journey through :)
The microblogging platform tumblr is known for a culture of image-collecting and curating that has been primarily influenced by (female, queer/trans*, PoC) teenagers and twentysomethings. When browsing the site, works by feminist artists, paparazzi pictures of Britney Spears, snippets from works of theory, shitposts, or another user’s selfies are all equally likely to pop up next to each other in an eclectic mix. In December 2018, a revision of the site’s policies on adult content lead to a much stricter treatment of what was considered ‘pornographic material’, and tumblr lost more than a million active users. Despite cases of cyber-bullying, the pervasiveness of spambots and networks of nationalist users on the site, prior thereto tumblr was widely considered a safe space for queer-feminist and anti-racist politics, fandom activities, and the personal narratives and self-promotion of sex workers. Building on the argument Heather Warren-Crow puts forth in her book Girlhood and the Plastic Image, digital images on the Internet can be thought of as girlish: These plastic images are malleable, fluid, and can easily be enlarged or shrunk down as they circulate in the network. The tumblr-specific mode of archiving and curating digital images is exemplary of this relationship: Images are decontextualized, flattened, removed from their material conditions of production, while at the same time being assigned value as purely aesthetic image-objects in a collection. The meta-comic journey through :) stages an attempt at making contact with the image-collecting tumblr users and the images circulating through the network.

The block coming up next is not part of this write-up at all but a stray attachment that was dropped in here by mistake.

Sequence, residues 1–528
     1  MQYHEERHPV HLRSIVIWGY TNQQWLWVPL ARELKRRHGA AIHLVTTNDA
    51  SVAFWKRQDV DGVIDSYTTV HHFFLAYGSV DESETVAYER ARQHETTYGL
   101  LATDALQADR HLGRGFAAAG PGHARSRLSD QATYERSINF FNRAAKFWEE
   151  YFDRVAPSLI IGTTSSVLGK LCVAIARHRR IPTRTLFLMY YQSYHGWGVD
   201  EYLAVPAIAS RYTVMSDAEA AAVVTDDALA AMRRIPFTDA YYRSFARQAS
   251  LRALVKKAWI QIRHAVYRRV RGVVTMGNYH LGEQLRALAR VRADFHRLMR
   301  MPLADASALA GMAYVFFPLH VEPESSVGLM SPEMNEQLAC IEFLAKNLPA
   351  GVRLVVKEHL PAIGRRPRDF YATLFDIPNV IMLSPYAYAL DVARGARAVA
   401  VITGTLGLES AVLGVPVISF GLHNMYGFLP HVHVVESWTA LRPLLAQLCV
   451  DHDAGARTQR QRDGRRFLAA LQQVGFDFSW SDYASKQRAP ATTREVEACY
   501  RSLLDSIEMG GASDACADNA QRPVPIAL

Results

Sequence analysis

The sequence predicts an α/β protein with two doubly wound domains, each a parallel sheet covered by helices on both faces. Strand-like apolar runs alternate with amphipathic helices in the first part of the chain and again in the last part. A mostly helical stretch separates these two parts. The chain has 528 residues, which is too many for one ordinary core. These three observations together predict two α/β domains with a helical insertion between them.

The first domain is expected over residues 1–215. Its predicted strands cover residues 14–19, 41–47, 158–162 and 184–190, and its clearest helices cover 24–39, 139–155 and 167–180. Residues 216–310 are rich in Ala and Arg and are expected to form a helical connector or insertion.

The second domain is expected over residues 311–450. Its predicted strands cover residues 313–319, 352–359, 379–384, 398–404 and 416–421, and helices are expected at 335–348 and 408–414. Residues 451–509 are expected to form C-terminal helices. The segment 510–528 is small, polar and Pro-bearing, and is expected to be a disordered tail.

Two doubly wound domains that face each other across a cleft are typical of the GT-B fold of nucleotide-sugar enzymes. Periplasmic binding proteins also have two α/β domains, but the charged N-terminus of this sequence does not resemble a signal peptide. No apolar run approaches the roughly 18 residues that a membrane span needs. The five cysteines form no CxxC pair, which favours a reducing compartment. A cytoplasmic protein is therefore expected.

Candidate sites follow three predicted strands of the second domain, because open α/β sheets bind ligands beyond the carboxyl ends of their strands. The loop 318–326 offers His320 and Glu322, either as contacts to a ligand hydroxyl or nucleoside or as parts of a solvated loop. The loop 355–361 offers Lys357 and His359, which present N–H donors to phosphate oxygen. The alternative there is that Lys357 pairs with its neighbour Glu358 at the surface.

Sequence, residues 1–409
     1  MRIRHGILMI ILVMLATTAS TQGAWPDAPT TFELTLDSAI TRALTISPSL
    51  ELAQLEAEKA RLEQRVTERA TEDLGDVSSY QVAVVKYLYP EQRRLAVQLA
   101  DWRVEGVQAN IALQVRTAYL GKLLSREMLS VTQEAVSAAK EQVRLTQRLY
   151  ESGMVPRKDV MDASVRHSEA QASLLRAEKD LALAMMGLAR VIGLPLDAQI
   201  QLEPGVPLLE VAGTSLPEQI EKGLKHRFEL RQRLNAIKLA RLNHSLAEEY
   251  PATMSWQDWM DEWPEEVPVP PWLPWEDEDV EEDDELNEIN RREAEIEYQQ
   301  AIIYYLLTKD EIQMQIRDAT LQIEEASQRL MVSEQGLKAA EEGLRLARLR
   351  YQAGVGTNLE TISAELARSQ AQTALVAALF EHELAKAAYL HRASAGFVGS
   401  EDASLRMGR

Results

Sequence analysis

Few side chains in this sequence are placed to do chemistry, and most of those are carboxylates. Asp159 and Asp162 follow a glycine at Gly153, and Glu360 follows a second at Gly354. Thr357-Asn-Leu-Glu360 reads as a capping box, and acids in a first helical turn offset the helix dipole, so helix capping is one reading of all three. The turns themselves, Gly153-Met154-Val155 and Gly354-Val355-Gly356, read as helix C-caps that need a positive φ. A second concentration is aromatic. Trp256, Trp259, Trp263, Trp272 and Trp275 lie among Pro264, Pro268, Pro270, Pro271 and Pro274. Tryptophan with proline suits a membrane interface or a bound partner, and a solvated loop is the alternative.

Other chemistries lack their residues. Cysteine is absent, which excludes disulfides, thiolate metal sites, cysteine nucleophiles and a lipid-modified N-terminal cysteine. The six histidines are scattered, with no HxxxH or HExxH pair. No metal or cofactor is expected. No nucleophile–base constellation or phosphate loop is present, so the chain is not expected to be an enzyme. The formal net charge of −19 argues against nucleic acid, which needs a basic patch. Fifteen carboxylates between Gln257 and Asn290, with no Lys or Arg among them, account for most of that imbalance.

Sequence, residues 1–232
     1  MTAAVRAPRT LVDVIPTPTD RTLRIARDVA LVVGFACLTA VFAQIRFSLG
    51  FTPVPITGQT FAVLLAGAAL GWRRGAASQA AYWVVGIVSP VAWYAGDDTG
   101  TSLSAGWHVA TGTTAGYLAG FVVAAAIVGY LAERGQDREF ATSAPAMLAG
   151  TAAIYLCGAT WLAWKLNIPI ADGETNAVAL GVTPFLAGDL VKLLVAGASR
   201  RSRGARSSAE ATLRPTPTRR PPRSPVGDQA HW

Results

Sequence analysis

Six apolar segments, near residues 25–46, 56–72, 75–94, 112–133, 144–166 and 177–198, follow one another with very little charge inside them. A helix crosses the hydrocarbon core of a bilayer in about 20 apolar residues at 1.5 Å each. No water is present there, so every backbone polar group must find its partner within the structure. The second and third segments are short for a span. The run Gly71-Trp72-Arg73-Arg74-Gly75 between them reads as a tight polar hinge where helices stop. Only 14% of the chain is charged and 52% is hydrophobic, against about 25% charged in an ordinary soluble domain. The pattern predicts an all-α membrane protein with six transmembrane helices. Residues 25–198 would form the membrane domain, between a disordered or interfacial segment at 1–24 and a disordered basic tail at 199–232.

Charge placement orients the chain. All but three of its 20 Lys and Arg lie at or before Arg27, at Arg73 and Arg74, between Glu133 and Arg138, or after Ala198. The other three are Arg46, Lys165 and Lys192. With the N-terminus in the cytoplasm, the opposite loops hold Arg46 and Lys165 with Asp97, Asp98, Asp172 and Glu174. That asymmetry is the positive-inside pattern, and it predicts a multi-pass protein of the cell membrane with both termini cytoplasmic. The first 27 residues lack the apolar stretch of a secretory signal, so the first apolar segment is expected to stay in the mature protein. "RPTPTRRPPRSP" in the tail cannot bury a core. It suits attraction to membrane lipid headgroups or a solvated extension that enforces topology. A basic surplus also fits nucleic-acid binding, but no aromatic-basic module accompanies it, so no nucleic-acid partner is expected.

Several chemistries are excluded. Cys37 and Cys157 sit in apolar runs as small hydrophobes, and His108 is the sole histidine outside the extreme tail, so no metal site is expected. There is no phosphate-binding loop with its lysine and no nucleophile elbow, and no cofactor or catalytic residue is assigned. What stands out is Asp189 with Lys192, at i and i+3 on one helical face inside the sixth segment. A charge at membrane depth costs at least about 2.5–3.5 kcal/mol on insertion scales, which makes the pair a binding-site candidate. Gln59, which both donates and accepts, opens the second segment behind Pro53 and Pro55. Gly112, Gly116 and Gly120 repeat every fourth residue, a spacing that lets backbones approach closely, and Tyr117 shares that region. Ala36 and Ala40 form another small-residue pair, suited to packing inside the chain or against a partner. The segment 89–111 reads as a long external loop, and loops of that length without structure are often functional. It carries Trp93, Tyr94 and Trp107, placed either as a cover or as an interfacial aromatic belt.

1) Steyerl 2010
3) Steyerl 2010
4) Chun 2016: 147
5) Warren-Crow 2014: 2
Chun, Wendy Hui Kyong (2016): Updating to Remain the Same. Habitual New Media. Cambridge, MA, The MIT Press.
mikedidthis/approxiblue (2017): „What is the URL schema of Tumblr images?”, online unter: https://stackoverflow.com/questions/16832963/what-is-the-url-schema-of-tumblr-images [26.02.2020].
Steyerl, Hito (2010): „A Thing Like You and Me.”In: Julieta Aranda, Brian Kuan Wood, and Anton Vidokle, eds.: e-flux Journal, Nr. 15. https://www.e-flux.com/journal/15/61298/a-thing-like-you-and-me/ [26.02.2020].
Warren-Crow, Heather (2014): Girlhood and the Plastic Image. Hanover, NH, Dartmouth College Press.